Current status as of May 16, 2022
Geiger counter LCD version.
(video with subtitles)
Status as of May 1, 2022
Geiger counter Speaker version.
(video with subtitles)
For registering pulses by the counting system proper working conditions have to be established. That means in practical terms generating a tube voltage within the Plateau area.
Beyond the "Knee" all pulses should be counted. Below the starting voltage, no pulses should be counted at all.
As far as I know old USSR stock. Can detect only Beta and Gamma radiation (note: for Alpha you need special design tubes). Technical data:
I paid around 30€ including shipment from a seller in Bulgaria (tubes from Ukraine or Russia are not easy to get at the moment, you guess why).
Far less sensitive than SBM-20 (or any other tube available), but okay for first tests. Can detect only Beta and Gamma radiation.
Below copy&paste some of the tube's technical data (according to the distributor www.pollin.de; as of March 2022, the price was 15€):
- starting voltage 280…320 V
- working voltage 390 +/-10 V
- dimensions (length*diameter): ca. 65*7.5 mm
To test the viability of the assembly I use small pieces of Uranium glass that can freely be purchased (for obvious reasons this matter doesn't radiate intensely).
Natural radiation is detected about 20 cpm with the most recent prototype and SBM-20 tube (in 49°46' N, 11°12' E).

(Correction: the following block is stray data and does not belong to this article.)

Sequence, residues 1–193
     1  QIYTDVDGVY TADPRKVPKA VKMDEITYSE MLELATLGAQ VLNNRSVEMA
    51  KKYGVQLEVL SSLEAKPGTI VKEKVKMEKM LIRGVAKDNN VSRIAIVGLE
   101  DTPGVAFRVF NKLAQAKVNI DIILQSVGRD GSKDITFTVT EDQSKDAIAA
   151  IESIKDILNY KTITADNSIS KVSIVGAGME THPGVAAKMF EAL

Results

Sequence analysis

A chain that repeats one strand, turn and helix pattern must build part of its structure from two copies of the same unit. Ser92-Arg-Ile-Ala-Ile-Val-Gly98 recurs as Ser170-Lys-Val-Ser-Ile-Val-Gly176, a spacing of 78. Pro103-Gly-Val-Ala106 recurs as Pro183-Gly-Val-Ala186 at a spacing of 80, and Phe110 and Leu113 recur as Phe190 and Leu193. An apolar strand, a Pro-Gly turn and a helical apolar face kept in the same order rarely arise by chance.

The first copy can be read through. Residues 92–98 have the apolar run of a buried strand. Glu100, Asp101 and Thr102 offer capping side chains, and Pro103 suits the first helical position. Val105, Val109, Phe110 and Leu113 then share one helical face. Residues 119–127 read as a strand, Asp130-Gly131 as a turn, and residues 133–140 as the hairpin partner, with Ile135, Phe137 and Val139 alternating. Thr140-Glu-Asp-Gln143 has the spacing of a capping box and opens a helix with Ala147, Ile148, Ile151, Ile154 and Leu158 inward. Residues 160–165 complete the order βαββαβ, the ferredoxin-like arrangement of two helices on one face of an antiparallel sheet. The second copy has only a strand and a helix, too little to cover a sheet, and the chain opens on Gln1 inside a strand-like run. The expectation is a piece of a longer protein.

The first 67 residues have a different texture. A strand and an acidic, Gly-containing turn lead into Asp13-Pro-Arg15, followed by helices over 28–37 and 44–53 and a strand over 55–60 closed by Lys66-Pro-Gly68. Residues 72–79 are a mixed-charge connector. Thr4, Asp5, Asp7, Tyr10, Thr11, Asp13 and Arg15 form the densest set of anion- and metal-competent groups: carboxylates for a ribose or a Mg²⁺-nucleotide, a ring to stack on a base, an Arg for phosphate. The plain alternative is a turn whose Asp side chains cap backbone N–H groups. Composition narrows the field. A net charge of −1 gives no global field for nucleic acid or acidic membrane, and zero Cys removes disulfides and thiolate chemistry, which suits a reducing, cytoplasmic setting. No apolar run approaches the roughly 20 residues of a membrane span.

A MicroPython program can be quite short if it's just about the PWM- and HV-generation, respectively:
from machine import Pin, PWM
pwm = PWM(Pin(13)) # pick your GPIO
pwm.freq(1250) # PWM-frequency in Hz (empirical)
pwm.duty_u16(55000) # duty cycle (empirical), 16bit (0-65535)
C code would be a little longer here, but by and large it's equally easy.
As to first prototypes, a radiation source nearby is either displayed visually in a simple manner (5mm LED) and/or via clicks (speaker), realised thru an "outer electronic path" (see paragraph "Schematic").
But as we have a µC connected there exist more clever ways to handle measurement data. Triggering an IRQ for that matter is probably the most pragmatic way for a pulse (gas discharge, i.e. counting event) has a duration of about 0.3 ms (in my github repository you'll find complete working examples).
The Pico SDK also provides libraries for the most common types of displays (OLED, LCD).
VBUS = +5V (Pico Pin 40). You can also experiment with the 3.3V on Pin 36.
Diode prevents immediate discharge of the capacitor and tube voltage is building up quickly. The coil voltage peaks into the double, then triple digits every time the transistor cuts off (see paragraph "Simulation").
An LED is good for a first test. I suggest putting in a 10 kOhm resistor in the "outer path" when you want to do (connect) something more fancy (but consider connecting 3.3V to this path then).
Upper limit of the PWM frequency is a few kHz: around 2 kHz the HV is starting to drop considerably (I got the hint that the diode is to blame for this).
Gave more insights about the principle of the voltage generation (self-induction) and will be used for ensuing designs.
Air wirings behave like an antenna and should be avoided for future prototypes. A ground plane for a PCB design is mandatory.